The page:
March is National Nutrition Month originally created by the Academy of Nutrition and Dietetics to help Americans make informed food choices and develop healthy eating and physical activity habits.
For many, one hurdle in developing healthy eating habits is chronic emotional or stress eating. According to research conducted by the American Psychological Association, nearly 40% of Americans report “stress eating” at least once per week. This is because the hormone released by stress, cortisol, increases appetite which can lead to increased food consumption, fat storage, and weight gain.
Reducing Stress Eating
Emotional eating can lead to overeating which can cause obesity. The foods are commonly eaten when stress eating, fatty, sugary “comfort foods”, harm your body beyond just weight gain including fatigue, irritability, lack of motivation, headaches, and feelings of nervousness, depression, and anxiety.
For those looking to implement long-lasting improvements to their eating habits and reduce the frequency of emotional eating, applying the 3 “Rs” is a place to start.
Reflect on eating habits both good and bad and identify triggers for unhealthy eating.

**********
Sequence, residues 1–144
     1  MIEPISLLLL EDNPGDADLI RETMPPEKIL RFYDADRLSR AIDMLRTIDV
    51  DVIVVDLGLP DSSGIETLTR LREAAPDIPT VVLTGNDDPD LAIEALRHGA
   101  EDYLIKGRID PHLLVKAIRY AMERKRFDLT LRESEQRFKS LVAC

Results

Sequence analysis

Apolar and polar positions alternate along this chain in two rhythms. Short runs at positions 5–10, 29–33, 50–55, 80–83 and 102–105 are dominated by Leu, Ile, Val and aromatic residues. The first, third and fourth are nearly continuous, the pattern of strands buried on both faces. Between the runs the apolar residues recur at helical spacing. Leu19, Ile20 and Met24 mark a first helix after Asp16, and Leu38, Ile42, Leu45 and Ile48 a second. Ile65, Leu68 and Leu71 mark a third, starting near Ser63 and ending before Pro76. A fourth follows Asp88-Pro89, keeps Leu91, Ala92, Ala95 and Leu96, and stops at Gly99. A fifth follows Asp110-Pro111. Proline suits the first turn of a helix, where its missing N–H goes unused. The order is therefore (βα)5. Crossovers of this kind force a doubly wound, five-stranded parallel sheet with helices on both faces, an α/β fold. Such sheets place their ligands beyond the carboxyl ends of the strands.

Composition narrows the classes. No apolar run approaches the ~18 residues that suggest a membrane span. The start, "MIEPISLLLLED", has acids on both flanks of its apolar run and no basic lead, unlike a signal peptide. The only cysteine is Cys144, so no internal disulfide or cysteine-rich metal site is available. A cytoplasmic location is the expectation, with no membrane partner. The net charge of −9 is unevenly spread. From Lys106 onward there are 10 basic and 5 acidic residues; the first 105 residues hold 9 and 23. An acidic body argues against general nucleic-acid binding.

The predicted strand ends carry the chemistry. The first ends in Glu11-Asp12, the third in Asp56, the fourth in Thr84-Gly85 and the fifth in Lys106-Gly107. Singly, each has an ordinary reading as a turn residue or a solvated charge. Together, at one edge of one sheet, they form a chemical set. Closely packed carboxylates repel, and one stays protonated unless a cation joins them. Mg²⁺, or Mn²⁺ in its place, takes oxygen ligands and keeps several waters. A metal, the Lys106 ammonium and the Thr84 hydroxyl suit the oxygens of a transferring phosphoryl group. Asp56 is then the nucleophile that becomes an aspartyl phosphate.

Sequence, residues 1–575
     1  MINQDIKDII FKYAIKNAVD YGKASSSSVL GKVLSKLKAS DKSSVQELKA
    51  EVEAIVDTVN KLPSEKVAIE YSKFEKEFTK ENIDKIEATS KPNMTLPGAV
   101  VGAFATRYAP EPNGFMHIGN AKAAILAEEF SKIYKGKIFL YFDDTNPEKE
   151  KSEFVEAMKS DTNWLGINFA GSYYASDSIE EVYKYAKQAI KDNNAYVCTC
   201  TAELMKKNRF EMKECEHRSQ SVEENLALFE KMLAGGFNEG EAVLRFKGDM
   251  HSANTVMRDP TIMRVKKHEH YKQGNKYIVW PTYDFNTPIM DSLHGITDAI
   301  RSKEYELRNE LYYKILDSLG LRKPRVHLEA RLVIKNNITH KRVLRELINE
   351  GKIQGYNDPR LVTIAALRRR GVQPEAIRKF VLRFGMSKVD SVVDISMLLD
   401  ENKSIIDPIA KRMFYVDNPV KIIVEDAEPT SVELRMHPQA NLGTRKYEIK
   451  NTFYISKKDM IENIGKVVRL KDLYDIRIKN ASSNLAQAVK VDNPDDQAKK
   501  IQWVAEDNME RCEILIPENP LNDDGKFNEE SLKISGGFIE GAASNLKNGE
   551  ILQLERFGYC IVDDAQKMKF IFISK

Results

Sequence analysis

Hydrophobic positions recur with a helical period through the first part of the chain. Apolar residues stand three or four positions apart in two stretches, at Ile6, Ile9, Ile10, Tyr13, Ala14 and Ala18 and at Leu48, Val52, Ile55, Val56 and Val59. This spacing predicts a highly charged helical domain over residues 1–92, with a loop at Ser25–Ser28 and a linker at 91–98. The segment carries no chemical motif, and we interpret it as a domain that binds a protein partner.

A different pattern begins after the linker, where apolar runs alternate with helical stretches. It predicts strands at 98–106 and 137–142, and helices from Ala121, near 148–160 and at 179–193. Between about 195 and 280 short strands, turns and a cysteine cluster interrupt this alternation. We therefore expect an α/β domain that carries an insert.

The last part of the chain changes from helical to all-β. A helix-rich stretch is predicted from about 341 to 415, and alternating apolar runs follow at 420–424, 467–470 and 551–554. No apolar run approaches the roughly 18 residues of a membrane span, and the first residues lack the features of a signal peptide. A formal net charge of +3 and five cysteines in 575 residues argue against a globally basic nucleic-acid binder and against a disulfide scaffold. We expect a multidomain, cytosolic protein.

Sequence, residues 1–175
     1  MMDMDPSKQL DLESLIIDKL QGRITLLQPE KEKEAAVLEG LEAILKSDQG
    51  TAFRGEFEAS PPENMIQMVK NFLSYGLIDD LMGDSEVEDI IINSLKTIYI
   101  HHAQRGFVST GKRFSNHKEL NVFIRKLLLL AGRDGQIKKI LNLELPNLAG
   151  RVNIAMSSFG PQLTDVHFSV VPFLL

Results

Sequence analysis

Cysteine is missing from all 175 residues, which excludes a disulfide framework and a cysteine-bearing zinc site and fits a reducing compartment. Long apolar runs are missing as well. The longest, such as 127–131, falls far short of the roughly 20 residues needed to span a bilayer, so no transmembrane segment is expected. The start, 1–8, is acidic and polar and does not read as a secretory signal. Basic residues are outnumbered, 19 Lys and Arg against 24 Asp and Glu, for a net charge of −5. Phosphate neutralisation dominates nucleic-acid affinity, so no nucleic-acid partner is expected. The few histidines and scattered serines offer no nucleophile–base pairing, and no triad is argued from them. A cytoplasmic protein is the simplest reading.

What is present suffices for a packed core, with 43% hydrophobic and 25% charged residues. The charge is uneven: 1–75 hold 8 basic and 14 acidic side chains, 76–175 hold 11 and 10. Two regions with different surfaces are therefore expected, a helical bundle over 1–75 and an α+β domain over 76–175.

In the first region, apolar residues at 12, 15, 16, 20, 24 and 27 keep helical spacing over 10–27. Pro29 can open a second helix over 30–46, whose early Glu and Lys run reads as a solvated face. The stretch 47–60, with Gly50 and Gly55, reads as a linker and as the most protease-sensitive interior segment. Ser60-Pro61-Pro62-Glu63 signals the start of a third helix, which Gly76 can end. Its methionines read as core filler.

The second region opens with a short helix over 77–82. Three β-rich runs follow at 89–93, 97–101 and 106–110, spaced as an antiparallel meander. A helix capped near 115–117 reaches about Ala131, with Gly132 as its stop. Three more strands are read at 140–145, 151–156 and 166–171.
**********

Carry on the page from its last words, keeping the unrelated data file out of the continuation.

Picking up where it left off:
Replace unhealthy eating practices with healthier ones.
Reinforce your new, healthier eating behaviors.
In addition to spending time on the 3 “Rs”, those who suffer from frequent stress eating can work to implement the following day-to-day tips for managing their emotional eating response.
- Implement mindful eating – acknowledge that your craving may be a result of stress and determine if you are truly hungry.
Curb over-eating risk by preparing healthy snacks and meals ahead of time to regulate portion size.
- Choose healthy snack options high in protein to curb hunger for longer periods.
- Monitor portion size – instead of taking the whole box with you to the couch, place a serving size into a bowl.